Florida vignettes, part I: The work chronicles

I recently returned from a trip to Florida. An industry conference brought me to The Sunshine State and since my folks spend their winters there, I tacked on a couple of days to visit them. This trip produced a number of blog-worthy moments. But many of them could be considered incriminating to myself or others, so I’m just going to share with you some random and relatively harmless vignettes.

A room with a view

Generally, when I travel for work, I end up in a room overlooking a rooftop and related heating and cooling systems or perhaps hotel rooms in another wing of the hotel.

Room with a view
Room with a view

This was my view on this trip. Beautiful, right? And even better, I could leave the drapes open the whole time and wake up to the gorgeous sunrise. (Okay, someone on a passing tanker or cruise ship may have caught a glimpse of my naked-out-of-the-shower self, but I’m not going to lose any sleep over it.)

First-world problems

A consistent problem when I travel is what to do about my caffeine addiction. As you may have gathered from my confession about drinking coffee in the shower, I need my morning cuppa merely to cope with the onerous task of getting showered and dressed. I’m also very particular about my joe. My standard coffee is a dark roast, brewed strong (brewed coffee should be completely opaque), diluted with a generous splash of half-and-half, with the addition of a teaspoon of sugar (regular old sugar, not some new-fangled substitute) and a teaspoon of Ghirardelli ground chocolate. Sugar and chocolate are optional (though preferred), but half-and-half is not (although cream, whipped cream and ice cream can be used in a pinch). Bailey’s is also an acceptable substitute, but not recommended on workdays.

A coffee shelf!
A coffee shelf!

So how do I make-do with in-room coffee? I put two pods into the single-serving machine for a nice espresso-like base and, thankfully, Westins provide real half-and-half vs. the wretched powder. In fact, after two days of noticing me using up all four little containers, the maid got wise and left me six. (I left a good housekeeping tip in exchange for this thoughtfulness.)

And guess what? This Westin even had a coffee shelf in the shower!

Miami Vice: A classy joint

At our industry conferences, we typically host dinners for clients and prospects and this event was no exception. The last evening, we hosted a large dinner party. We had rented out the lounge of a fine-dining establishment and planned a generous menu of wine, seafood and other delights. For transportation, our event manager arranged for pontoon boats to shuttle guests to the restaurant along the intercoastal waterway, so everyone could enjoy the beautiful evening and see the various mansions that line the route. Everything was carefully planned to ensure a lovely evening.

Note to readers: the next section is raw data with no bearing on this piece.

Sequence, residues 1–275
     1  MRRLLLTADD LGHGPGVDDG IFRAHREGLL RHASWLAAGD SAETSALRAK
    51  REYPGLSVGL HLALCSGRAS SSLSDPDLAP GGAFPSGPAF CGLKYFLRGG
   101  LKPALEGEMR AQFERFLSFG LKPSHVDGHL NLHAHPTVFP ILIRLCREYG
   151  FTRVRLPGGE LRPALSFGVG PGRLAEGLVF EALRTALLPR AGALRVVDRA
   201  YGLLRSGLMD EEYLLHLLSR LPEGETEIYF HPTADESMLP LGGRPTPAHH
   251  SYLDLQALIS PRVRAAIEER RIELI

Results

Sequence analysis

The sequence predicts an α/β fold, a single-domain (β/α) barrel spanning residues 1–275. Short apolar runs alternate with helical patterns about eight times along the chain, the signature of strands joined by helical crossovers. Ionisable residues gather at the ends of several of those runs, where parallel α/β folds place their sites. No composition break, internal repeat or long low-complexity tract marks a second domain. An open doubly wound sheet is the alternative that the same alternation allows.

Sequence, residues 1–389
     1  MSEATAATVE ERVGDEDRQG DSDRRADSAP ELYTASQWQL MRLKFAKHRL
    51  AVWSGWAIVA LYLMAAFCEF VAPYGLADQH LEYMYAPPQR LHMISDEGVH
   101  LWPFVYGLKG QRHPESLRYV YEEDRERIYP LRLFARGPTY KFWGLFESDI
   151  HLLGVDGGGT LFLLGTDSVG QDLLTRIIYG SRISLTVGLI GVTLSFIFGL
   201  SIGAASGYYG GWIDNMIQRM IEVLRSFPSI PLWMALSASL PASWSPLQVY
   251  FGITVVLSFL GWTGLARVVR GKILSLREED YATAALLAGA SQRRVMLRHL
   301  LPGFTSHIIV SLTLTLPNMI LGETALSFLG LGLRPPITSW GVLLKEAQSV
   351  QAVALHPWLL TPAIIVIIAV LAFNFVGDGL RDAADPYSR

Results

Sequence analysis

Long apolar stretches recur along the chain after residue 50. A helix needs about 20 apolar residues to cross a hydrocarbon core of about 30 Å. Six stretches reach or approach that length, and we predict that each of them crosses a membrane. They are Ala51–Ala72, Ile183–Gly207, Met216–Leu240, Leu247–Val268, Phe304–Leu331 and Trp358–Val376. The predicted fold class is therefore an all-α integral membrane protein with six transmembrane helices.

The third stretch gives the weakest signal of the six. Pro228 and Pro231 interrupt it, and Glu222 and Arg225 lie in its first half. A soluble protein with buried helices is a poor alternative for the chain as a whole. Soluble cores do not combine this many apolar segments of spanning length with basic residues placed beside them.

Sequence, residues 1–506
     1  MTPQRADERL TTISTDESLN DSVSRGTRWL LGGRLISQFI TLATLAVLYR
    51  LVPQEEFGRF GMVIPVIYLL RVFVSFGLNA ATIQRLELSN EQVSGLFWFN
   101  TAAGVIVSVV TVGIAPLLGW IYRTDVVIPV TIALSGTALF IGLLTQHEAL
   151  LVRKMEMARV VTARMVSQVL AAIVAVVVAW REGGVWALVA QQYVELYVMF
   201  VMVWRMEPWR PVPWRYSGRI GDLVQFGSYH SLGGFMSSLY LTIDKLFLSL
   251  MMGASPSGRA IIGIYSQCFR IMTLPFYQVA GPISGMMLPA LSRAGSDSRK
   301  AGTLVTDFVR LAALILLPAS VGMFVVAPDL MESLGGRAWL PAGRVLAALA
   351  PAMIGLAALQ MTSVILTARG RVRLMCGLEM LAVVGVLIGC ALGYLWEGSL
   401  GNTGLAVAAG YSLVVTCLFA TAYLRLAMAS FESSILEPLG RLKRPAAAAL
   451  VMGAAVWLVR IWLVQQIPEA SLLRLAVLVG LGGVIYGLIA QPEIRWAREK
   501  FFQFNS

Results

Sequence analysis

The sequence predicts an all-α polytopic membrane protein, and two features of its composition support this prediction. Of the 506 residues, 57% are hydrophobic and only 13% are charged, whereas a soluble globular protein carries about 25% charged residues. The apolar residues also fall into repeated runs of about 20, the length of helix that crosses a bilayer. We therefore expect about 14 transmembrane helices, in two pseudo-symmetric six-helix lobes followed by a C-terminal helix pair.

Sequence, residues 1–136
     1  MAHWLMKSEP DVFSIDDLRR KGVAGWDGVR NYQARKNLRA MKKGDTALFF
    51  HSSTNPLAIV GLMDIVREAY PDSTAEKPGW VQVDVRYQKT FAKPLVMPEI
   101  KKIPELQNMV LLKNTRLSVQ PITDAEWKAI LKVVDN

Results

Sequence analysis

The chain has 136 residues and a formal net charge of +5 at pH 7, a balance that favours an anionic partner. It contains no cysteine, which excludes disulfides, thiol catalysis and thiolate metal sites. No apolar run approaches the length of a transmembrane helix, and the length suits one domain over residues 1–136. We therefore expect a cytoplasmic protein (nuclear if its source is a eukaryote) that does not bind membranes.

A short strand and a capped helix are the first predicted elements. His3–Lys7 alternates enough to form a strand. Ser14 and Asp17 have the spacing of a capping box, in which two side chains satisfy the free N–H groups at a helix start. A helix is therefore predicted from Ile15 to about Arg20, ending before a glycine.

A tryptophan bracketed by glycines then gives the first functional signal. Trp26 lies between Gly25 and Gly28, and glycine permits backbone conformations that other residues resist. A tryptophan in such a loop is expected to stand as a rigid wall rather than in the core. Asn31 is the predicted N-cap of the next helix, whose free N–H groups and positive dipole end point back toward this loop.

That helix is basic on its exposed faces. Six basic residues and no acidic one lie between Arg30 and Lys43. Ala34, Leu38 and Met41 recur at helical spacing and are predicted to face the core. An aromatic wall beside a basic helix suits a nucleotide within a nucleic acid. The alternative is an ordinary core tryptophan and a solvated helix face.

Being on the first pontoon to arrive at the restaurant, I ducked off the boat and headed to the restroom to see how windblown my hair was after the boat ride. That’s when things took an interesting turn. I opened the ladies room door to two strippers changing clothes. How do I know they were strippers? Well, to be honest, I’m merely making a judgment based on visual evidence: Fur thigh-high boots, sequined bra, hot pants. You decide.

Our intention was to provide a first-class experience for our guests, so this was an unexpected wrinkle. I stood outside the restroom sending panicky texts to our event planner and sales staff. I wasn’t sure whether they were changing into or out of the attire mentioned earlier, and I was trying to decide whether I should act shocked or amused if the women walked out in full regalia and were spotted by our guests. But eventually the ladies left in their street clothes (vs. street walker clothes) and I breathed a sigh of relief. Crisis averted.

However, that introduction set the tone for the rest of our party. From what we could gather, the restaurant is frequented by those in the import/export business (wink, wink) and their regulars are accustomed to living large. The cars in the parking lot were a motorhead’s fantasy and the bar tab for the 60-person private party in the next room totaled $50k according to the waitstaff. (That’s $833+ per person, if anyone cares to do the math.)

Oysters were served in a giant tub, shrimp cocktail appeared on a ceramic elephant two-feet high, and desserts were served out of a giant silver spoon. (The same size as the tacky wooden one in my mother’s kitchen!) Everything was completely over-the-top in the blingiest, Miami Vice sort of way. Ironically, the whole experience became the night’s entertainment–an unexpected bonus. The food was great, our guests were jovial and a good time was had by all.

After the conference ended, I spent an afternoon on the beach with a few coworkers and clients to rest up for the second half of my Florida adventure–a visit with my elderly parents in the heart of the state. Stay tuned for part II…

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